The Minister Who Invented the Modern Bullet
Posted by Richard Conniff on October 11, 2012
The year of 1807 was better for hunters than birds. In the wetlands north of Aberdeen, Scotland, a Presbyterian minister, Rev. Alexander Forsyth, was engaged in a war of wits with local ducks.
They’d figured out how to dodge a shot by diving when the spark from his flintlock produced a flash of gunpowder in the firing pan of his muzzle-loader. Dampness on the North Sea coast also frequently caused Forsyth’s weapon to misfire.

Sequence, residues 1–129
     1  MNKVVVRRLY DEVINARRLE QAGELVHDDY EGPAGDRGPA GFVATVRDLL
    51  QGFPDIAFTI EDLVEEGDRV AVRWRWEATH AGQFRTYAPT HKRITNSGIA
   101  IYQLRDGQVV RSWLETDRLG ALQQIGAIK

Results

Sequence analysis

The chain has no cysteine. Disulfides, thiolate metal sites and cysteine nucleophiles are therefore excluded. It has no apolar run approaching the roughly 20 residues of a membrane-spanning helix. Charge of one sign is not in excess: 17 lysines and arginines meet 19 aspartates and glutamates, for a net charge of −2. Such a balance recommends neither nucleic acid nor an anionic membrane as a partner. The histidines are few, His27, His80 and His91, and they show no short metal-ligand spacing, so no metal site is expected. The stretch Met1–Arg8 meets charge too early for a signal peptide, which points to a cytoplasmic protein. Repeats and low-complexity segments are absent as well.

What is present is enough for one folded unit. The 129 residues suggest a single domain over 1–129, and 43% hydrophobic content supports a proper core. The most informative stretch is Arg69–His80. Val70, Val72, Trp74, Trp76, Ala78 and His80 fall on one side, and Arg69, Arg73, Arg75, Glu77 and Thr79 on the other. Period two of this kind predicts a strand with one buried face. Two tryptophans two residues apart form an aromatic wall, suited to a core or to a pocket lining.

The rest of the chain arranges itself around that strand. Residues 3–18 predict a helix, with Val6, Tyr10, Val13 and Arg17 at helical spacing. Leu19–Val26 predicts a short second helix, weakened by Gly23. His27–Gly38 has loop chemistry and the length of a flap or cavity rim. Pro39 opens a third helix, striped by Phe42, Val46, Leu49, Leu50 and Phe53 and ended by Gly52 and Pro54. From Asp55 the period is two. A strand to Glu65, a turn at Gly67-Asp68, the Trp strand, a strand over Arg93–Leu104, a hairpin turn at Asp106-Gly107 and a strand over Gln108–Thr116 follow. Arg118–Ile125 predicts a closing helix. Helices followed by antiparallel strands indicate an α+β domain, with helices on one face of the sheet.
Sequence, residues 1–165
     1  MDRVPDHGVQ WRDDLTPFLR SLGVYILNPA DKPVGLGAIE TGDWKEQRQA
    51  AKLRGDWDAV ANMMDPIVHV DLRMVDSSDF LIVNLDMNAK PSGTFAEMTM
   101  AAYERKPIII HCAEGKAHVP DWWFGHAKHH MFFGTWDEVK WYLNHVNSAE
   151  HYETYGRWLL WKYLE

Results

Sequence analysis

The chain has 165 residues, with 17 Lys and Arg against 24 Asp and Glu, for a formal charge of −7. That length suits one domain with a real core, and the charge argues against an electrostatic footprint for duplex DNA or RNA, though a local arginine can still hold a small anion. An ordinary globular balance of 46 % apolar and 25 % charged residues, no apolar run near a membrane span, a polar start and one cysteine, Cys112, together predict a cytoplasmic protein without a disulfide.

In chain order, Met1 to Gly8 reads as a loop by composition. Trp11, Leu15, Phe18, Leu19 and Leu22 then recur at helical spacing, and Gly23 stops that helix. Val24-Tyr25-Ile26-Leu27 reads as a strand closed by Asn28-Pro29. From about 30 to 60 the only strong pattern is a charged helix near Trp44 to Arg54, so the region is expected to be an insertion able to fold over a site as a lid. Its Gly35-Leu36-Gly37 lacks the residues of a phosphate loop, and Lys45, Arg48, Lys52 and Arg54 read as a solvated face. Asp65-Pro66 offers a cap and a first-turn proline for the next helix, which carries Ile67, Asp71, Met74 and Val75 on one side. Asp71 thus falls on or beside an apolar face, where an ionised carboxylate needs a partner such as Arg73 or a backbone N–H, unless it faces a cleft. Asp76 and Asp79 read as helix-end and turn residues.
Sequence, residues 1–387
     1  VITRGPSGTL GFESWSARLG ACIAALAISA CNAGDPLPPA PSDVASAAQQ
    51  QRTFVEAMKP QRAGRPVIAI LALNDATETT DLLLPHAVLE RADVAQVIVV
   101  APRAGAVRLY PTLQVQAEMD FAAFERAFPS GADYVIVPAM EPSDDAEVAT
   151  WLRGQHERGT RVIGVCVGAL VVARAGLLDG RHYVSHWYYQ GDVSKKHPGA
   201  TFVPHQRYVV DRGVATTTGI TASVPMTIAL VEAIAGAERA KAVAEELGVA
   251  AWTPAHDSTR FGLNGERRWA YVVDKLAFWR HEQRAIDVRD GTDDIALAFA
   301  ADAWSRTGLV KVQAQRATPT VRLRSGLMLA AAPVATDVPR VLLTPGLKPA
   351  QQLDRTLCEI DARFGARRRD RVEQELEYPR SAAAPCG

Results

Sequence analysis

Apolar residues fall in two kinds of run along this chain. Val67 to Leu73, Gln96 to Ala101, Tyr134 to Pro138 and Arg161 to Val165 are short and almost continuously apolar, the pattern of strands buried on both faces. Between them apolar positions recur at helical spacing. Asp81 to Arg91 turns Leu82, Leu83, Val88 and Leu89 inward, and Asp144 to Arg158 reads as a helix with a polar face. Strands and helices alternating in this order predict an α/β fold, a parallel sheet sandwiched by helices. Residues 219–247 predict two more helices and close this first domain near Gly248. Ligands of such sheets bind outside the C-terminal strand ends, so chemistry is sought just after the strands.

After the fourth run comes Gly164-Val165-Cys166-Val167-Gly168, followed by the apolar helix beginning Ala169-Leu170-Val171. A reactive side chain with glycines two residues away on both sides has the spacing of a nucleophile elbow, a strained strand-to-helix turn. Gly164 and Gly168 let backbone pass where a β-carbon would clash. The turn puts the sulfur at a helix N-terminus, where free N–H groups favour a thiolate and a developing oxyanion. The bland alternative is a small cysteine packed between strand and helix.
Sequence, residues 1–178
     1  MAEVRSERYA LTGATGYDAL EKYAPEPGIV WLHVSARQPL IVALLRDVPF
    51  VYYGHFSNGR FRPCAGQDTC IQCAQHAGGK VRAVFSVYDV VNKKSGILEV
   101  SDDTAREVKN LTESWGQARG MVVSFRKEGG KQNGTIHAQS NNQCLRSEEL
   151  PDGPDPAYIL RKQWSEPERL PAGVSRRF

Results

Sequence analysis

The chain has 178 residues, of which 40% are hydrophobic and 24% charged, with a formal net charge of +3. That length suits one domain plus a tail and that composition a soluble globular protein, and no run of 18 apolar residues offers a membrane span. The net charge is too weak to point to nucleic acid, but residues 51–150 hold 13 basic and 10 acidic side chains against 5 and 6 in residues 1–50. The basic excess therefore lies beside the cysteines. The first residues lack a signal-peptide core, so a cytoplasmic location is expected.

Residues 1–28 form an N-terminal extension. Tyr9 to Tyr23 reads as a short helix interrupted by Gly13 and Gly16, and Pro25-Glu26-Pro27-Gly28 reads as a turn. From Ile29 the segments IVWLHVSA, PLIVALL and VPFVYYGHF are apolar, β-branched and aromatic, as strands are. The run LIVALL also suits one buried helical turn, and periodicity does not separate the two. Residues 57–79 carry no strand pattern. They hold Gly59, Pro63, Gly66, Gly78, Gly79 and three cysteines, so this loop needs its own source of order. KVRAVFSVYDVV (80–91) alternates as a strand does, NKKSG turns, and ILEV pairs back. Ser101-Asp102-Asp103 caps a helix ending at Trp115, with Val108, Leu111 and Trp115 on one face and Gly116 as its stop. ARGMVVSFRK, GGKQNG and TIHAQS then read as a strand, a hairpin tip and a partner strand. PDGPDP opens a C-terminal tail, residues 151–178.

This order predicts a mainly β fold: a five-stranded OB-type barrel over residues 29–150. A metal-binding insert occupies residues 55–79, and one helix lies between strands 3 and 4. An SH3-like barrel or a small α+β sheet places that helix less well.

After much tinkering, he devised and patented the first percussion-ignition device, a sort of metal perfume bottle for injecting a tiny amount of mercury fulminate into the chamber of the gun, where the impact of a hammer could ignite it and spark the gunpowder charge far more reliably (and without alarming the birds).
Forsyth’s invention, patented in 1807, would lead by mid-century to the development of the metal percussion cap and the modern bullet. It would prove an essential tool for species seekers, particularly in wet climates—and also the chief instrument of the bloodiest military conflicts in the history of the Earth, from Gettysburg and Gallipoli to the Somme.